Troy has many iconic buildings, each unique for either an architectural, functional or historic reason. The city’s building stock is one of the reasons Troy has become a favorite Capital District destination.
Walking the city’s streets is a visual treat. Within the space of blocks one can see more than 200 years of architecture and history.
One of downtown Troy’s most beautiful buildings is the Rice Building, standing at the intersection of River and First streets. This triangular site allowed the architect to design a unique building, resembling in some ways, the prow of a magnificent ship.
There are many great architectural features here – the most striking being the banks of double-story arched windows on both sides on the second and third floors. All of the building’s street-facing windows are capped by polychrome stone voussoirs – those are the arched wedge-shaped stone frames above the windows. A polychrome arch has more than one colored stone.
Add to that, the decorative terra-cotta tiles festooning the gabled dormers and elsewhere, the fine decorative brickwork and other details, and you’ve got a gorgeous building, and a fine example of High Victorian Venetian-inspired Gothic architecture. It was even more impressive when it still had a sixth story, a central clock tower and two smaller towers rising high over downtown Troy.
The building was built in 1871, and was originally called the Hall building, for its owner Benjamin Homer Hall, who served as a City Clerk of Troy. There is some dispute as to the architect. It’s generally ascribed to Calvert Vaux and Frederick Clark Withers. Vaux is better known as one of the architects of Central Park in Manhattan and Prospect Park in Brooklyn, with his partner Frederick Law Olmsted.
He was a fine architect in his own right, the architect, both alone and with Withers, of many fine buildings, especially in the Hudson Valley. The Rice Building has many similarities to his Jefferson Market Courthouse building, which still stands in NYC’s Greenwich Village.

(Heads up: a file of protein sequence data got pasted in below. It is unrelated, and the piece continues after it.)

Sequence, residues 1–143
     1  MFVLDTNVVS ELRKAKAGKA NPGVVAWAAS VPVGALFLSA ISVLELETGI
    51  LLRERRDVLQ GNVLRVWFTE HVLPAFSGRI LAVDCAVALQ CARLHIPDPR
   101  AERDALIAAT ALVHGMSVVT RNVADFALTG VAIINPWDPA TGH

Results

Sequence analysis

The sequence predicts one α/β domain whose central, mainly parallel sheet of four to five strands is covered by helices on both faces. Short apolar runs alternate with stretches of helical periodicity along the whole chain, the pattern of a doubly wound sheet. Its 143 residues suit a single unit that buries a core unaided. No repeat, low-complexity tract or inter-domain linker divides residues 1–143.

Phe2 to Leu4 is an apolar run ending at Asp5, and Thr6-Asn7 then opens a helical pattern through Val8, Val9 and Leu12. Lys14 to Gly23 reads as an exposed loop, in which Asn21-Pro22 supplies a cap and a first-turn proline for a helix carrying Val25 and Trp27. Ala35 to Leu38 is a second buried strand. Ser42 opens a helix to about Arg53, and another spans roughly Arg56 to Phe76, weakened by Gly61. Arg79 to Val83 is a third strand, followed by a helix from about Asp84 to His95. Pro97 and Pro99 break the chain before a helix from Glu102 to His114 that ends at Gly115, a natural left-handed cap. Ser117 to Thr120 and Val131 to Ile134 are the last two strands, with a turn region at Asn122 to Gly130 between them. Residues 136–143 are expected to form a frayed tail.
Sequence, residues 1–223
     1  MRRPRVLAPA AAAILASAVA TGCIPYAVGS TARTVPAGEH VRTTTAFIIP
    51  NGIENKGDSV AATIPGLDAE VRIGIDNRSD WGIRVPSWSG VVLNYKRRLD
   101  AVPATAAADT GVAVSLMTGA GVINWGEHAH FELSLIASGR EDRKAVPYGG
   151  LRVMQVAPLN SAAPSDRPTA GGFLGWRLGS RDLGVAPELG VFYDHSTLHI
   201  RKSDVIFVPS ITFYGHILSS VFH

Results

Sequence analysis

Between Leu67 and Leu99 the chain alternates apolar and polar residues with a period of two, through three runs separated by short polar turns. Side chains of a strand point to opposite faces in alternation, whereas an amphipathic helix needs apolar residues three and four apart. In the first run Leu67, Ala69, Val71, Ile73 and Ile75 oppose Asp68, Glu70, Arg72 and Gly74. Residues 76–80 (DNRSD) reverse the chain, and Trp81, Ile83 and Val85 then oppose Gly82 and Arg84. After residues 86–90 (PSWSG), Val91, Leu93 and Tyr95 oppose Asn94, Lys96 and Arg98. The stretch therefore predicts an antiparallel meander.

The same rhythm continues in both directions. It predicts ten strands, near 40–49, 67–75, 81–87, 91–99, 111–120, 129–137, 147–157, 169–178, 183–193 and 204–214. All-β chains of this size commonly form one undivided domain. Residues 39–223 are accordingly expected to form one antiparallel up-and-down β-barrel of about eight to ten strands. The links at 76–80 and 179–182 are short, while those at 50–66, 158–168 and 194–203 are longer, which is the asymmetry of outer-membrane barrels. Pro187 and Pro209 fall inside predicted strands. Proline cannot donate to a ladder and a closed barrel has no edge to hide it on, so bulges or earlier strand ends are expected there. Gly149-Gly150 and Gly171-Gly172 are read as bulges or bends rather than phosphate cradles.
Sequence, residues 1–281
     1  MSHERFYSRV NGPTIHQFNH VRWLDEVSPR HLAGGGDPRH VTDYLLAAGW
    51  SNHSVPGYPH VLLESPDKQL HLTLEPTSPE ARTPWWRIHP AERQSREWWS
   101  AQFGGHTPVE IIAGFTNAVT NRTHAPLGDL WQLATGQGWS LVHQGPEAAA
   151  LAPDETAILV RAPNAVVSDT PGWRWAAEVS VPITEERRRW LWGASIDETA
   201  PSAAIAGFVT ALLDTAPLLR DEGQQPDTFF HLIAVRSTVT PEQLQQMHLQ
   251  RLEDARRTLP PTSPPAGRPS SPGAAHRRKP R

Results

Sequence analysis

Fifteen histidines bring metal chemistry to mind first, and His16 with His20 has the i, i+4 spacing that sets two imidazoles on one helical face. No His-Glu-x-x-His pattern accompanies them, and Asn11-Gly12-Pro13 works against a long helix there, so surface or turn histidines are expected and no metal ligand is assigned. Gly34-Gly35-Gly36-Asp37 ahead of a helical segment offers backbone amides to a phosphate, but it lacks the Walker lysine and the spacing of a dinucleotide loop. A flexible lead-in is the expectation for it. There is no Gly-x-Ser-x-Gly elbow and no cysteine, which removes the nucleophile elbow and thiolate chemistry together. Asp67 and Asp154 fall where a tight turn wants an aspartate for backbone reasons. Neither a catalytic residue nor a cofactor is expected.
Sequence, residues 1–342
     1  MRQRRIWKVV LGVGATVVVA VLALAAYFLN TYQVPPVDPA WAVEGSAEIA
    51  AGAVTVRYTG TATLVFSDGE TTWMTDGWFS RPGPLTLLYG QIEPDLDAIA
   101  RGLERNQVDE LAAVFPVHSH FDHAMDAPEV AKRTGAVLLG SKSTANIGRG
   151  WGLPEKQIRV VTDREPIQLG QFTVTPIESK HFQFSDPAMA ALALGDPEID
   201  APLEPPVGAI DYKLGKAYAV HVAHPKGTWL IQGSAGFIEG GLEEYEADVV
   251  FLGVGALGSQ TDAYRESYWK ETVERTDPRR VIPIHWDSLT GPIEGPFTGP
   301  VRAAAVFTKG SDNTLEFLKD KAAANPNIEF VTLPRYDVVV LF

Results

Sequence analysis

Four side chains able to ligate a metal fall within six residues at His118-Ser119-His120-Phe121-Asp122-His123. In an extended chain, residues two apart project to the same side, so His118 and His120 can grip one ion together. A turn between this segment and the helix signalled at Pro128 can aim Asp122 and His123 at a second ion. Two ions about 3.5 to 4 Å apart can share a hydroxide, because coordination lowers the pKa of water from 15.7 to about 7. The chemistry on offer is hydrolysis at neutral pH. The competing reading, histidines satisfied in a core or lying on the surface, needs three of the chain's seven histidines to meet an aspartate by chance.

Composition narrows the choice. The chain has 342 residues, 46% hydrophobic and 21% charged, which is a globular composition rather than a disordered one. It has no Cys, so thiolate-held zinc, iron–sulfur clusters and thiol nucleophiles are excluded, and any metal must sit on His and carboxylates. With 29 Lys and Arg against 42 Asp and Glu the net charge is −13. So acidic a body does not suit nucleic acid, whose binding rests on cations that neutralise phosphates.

But recent investigations have led many architectural historians to believe that the Rice Building was actually designed by George Post, who also designed the Troy Savings Bank Music Hall. If so, this would be one of his earliest known buildings. Post went on to a fine career which included the NY Stock Exchange Building in Manhattan, as well as many, many other banks, university buildings, churches and large commercial buildings.
Either way – Vaux and Withers or Post – the building had a great architect and it shows.
A fire took that top floor and the towers sometime between 1913 and 1920, but the building was repaired and in use until a foreclosure in the 1980s, which left it abandoned and run-down, like too many other downtown buildings. In the 1990s, a non-profit group consisting of the Troy Architectural Program (TAP), Troy Savings Bank (now First Niagara) and RPI saved the building. Aided by $2 million from the State, via Senator Joe Bruno, the building was repaired, restored to beauty, and used as a business incubator.
The Rice Building can be seen as a law office in Martin Scorsese’s 1993 film, “The Age of Innocence.”
In 2015, the building was purchased by brother and sister Luther and Lolly Tai, who have plans with preservation architect Joseph Michael Kelly to rebuild the towers. Hopefully those plans are still in the works.
Photos, from above: Rice building courtesy Wikimedia user UpstateNYer; illustration of Rice Building in Troy; Rice Building details courtesy Ganem Construction.
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